As a result, the handling and driving dynamics are among the best in its class in my opinion. This is genuinely a great little driver’s car. And there’s heaps of grip thanks to the standard-fitment Michelin Pilot Sport 4 tyres, measuring 235/40 front and rear – fat for this class, and this isn’t even a hot hatch.

The steering has that light yet secure and mechanical feel that Civics are renowned for, so it feels good to toss down a string of twisty bends. And there’s heaps of feedback at all times. Despite offering very precise steering and tight handling, the ride quality is perfect. Mind you there are softer setups out there, but for overall balance and fun, I can’t think of any competitor that tops this.

2023 Honda Civic e:HEV LX – THE VIDEO

2023 Honda Civic e:HEV LX – THE VERDICT

In many ways I think yes this is the best small car on the market right now. It’s very spacious for its class; it comes with a lot of top-spec features and some luxuries; it seems to be very well made with a real ‘together’ feeling; and it offers leading driving dynamics for this segment. This hybrid powertrain also proves it is possible to be both fun and fast as well as environmentally conscious.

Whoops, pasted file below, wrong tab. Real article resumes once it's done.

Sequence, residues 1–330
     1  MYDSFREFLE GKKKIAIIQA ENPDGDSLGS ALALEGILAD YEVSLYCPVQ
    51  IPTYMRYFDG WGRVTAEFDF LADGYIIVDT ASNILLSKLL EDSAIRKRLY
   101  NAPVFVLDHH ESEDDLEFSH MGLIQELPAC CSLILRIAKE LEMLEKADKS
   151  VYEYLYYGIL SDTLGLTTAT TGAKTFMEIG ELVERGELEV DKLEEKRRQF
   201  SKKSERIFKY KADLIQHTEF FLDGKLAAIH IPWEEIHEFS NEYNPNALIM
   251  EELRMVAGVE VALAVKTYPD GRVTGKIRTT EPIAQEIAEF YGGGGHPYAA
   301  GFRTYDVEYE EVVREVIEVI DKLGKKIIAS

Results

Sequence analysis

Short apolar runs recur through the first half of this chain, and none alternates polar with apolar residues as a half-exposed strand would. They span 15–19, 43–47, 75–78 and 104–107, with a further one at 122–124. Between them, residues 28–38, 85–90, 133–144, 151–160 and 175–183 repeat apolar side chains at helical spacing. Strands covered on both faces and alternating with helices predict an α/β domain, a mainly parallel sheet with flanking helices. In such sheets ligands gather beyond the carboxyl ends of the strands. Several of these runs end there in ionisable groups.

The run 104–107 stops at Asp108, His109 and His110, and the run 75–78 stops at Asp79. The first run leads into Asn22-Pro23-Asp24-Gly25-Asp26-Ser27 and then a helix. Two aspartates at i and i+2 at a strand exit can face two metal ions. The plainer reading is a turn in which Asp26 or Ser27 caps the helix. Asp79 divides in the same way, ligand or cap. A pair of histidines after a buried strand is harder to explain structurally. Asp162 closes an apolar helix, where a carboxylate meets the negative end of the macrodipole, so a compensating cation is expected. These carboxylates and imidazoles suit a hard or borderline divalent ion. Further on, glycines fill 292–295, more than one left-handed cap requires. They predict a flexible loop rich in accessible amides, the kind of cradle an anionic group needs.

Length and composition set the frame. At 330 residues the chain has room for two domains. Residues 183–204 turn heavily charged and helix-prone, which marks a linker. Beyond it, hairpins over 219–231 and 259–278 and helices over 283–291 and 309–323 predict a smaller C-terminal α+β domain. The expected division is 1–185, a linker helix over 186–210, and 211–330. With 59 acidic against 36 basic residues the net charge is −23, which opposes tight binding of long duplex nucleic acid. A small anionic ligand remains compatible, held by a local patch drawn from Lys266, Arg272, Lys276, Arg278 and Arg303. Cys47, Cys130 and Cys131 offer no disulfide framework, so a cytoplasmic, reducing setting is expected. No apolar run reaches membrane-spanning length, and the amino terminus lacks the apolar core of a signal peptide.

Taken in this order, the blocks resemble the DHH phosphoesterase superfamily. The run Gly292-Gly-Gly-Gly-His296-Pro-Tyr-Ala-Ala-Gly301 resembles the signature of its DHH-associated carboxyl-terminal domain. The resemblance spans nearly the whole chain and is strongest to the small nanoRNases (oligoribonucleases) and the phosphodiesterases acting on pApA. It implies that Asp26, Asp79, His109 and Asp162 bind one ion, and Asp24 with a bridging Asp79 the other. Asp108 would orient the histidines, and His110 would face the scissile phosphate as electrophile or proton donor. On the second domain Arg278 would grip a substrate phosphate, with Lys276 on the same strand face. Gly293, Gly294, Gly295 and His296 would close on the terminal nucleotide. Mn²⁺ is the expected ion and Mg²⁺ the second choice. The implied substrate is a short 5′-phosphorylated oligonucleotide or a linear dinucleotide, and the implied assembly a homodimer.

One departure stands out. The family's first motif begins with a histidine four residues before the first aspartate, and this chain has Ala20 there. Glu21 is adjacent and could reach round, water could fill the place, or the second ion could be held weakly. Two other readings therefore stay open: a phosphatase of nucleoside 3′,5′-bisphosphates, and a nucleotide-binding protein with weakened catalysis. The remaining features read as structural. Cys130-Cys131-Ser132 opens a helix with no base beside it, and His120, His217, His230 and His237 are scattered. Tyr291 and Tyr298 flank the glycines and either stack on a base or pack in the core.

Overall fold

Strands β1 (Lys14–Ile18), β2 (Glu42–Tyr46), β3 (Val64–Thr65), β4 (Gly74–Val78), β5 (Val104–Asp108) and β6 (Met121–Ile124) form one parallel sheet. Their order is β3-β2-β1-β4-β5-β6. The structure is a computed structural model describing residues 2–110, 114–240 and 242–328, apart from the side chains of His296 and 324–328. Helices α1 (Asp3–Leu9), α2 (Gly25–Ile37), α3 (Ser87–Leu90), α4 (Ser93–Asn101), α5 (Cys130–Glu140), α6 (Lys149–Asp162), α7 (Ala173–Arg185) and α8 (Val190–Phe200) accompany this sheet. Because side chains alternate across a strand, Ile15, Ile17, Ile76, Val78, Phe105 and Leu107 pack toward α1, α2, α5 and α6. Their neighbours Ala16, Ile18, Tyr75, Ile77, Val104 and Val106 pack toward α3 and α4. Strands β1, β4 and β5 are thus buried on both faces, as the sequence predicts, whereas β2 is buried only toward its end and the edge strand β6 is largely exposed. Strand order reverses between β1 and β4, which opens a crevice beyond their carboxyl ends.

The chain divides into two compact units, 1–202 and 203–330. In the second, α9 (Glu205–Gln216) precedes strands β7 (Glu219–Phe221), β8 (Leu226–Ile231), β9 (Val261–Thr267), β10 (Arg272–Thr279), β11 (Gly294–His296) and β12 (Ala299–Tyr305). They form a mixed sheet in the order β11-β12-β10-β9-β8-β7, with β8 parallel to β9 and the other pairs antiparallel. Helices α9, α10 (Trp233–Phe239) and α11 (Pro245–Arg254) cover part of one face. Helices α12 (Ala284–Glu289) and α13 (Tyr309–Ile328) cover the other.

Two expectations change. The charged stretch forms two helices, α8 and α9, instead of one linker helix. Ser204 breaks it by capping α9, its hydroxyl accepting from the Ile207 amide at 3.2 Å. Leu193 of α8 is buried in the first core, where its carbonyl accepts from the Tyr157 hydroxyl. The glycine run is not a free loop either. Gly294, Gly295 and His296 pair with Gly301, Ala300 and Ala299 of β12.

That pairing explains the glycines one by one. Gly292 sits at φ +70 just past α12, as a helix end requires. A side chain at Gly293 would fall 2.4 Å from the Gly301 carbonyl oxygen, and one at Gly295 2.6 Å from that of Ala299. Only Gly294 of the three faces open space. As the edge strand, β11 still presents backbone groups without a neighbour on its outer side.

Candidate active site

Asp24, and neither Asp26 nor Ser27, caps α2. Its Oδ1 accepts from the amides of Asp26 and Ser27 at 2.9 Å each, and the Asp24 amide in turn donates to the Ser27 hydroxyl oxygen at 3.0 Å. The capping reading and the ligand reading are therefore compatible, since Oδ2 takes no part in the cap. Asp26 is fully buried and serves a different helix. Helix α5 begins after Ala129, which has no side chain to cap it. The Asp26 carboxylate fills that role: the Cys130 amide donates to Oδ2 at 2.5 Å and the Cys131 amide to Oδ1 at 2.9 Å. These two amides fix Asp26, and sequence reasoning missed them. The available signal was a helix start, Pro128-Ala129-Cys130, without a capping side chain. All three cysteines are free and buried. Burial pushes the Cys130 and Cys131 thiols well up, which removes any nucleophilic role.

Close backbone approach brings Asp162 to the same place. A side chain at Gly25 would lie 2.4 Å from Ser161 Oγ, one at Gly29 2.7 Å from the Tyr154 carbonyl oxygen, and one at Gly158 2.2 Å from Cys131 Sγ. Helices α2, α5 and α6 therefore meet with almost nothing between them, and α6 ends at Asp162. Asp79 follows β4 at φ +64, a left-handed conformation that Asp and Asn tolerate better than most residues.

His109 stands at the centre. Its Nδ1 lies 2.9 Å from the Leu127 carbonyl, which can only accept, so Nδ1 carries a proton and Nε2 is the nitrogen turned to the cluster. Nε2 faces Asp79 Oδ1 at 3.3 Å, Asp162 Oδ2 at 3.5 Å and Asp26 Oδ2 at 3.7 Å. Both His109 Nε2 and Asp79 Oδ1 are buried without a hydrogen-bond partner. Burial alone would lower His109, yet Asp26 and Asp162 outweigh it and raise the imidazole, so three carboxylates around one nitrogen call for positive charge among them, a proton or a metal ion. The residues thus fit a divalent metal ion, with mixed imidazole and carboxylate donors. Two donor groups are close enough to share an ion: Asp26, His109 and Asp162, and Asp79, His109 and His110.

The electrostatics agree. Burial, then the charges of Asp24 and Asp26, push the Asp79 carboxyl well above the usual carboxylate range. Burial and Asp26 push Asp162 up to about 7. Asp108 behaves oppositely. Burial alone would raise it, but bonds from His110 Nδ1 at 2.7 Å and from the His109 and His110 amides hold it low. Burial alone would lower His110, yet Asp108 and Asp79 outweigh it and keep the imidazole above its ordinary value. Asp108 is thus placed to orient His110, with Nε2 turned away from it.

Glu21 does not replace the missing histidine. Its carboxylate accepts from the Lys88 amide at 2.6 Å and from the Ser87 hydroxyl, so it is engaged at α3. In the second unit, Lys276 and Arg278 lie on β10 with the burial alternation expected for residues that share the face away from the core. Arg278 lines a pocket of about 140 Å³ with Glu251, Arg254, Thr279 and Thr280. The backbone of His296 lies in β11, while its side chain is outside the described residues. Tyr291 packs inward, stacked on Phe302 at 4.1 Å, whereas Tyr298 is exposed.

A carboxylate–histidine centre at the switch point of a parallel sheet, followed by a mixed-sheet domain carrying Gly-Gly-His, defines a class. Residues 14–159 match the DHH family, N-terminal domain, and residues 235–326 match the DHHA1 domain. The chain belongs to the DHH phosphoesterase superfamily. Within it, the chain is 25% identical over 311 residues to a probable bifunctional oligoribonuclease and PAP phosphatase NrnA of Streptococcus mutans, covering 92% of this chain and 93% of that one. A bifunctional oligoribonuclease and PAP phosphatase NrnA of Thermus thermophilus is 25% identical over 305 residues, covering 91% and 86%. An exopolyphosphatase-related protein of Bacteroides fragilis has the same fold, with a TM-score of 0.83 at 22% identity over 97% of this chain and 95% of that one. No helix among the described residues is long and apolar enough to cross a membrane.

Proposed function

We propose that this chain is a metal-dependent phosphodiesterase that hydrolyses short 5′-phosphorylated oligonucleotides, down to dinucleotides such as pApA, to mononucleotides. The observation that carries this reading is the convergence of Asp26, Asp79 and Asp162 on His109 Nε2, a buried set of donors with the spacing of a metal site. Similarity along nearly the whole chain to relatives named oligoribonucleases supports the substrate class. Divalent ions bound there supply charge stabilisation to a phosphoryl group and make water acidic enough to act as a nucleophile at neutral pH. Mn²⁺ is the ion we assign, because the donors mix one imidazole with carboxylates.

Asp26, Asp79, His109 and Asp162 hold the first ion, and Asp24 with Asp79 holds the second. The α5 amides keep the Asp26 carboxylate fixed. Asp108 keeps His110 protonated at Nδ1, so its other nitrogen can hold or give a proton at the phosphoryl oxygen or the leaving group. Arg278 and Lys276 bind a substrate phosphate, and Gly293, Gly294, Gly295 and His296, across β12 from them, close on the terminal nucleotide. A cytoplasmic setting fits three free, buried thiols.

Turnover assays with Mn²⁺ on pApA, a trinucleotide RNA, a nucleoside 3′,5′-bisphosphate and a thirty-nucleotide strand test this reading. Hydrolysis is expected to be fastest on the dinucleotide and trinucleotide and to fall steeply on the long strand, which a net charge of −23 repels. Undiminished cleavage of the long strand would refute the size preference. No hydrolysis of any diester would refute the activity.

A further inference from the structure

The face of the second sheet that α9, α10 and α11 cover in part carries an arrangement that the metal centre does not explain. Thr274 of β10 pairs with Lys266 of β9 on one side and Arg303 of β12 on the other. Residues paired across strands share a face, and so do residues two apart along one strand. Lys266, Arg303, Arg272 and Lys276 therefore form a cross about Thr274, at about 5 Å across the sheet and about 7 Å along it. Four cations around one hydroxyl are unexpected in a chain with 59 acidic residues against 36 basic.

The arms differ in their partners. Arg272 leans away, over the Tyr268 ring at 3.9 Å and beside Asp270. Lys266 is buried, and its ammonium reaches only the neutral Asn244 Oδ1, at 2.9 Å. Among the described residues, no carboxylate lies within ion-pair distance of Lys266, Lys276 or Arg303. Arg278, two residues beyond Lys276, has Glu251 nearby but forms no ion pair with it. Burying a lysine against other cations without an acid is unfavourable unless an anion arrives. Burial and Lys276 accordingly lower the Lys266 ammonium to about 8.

But this all comes at a price. A steep price. If we look at the competitors, most of them in flagship form (aside from the hot hatches) are priced from around $45,000 these days. For this to command another $10k on top seems unreasonable in my opinion. However, if Honda priced this more closely to its rivals we’d call this our ‘2023 PerformanceDrive small car of the year’.

[column width=”47%” padding=”6%”]PROS:
– Real-world consumption below 5.0L/100km when not even trying
– Roaring four-cylinder ‘Honda’ engine is back
– Great performance for only 135kW
– Smart yet practical interior, near biggest in class
– Outstanding handling, steering and ride control balance
[/column] [column width=”47%” padding=”0″]CONS:
– Price is too high for this segment
– Would be an even better driver’s car without CVT auto; manual and/or 8spd auto please[/column][end_columns]

As always, if you’re thinking about buying a new car don’t forget to click here to speak with our car buying specialists.